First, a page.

More and more places around the world are legalizing marijuana, and the rate at which it’s happening continues to accelerate. While 10 U.S. States have already legalized recreational marijuana use, more are likely to follow suit – including New York and New Jersey. Recent reports suggest that the latter might legalize it a whole lot quicker than expected and a vote might even happen before the month is over. Phil Murphy, Governor of New Jersey has advocated for the legalization of marijuana and it’s something that has been on his radar for some time:
By legalizing adult use marijuana, first and foremost, we can reverse the inequality and unfairness left from years of failed drug policies, and shift public safety resources to where they can do the most good,
– New Jersey Governor Phil Murphy
While there hasn’t been much disagreement about whether to legalize marijuana or not, the big issue seems to have revolved around tax, which presumably has now been sorted out. With Colorado raking in more than $6 billion in pot sales since legalization, you can bet lawmakers are going to be looking for that fine line as to how to maximize taxes without making pot too expensive that consumers continue going to the black markets.
Under the current deal, New Jersey would tax cannabis at a rate of $42 per ounce, which amounts to around $1.5 per gram.
Although there are other considerations for the State to consider, tax is certainly the one that will garner the most attention. In Canada, we’ve seen a very sloppy rollout of cannabis since it was legalized in October, but when governments are blinded by tax dollars other issues are often overlooked. However, the U.S. has the advantage of having other markets that New Jersey can look to as a framework for implementing cannabis legislation, such as Colorado and other U.S. States.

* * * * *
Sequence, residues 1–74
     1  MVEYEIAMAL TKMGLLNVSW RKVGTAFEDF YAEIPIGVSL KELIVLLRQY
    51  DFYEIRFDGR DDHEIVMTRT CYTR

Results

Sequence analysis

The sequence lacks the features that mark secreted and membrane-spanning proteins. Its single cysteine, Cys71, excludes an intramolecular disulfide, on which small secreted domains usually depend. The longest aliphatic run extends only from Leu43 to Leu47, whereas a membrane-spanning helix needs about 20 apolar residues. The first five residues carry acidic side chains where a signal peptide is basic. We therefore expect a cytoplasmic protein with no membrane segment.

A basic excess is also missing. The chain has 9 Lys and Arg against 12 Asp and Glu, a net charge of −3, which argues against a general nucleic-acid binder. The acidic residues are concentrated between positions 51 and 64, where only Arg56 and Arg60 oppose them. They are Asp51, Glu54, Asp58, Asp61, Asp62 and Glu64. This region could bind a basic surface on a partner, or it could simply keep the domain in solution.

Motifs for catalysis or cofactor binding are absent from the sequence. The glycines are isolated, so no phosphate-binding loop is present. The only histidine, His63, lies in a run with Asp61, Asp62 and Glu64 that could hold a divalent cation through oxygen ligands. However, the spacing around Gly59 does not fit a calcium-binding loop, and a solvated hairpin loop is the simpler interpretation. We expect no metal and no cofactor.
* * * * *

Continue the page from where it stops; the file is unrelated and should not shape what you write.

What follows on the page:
Poll number show support for pot
A recent poll by Monmouth University found that 62% of adults in New Jersey supported “the possession of small amounts for personal use,” which is noted as being significantly higher than the 48% that supported legalization just five years ago. While there is support for legalization, it comes with a caveat:
– Patrick Murray, Director of the Independent Monmouth University Polling Institute
The biggest reasons individuals think marijuana legalization makes sense is the increase in tax dollars that will come of it and because many individuals see prosecuting pot users as a waste of resources.
The poll was conducted early in February and surveyed over 600 adults in the State.
Overall, the numbers aren’t surprising and might even be a bit low for the largely Democratic State. Michigan and Massachusetts have already legalized marijuana and that may have helped light a fire under legislators, especially given that consumers could be travelling to nearby States to purchase pot.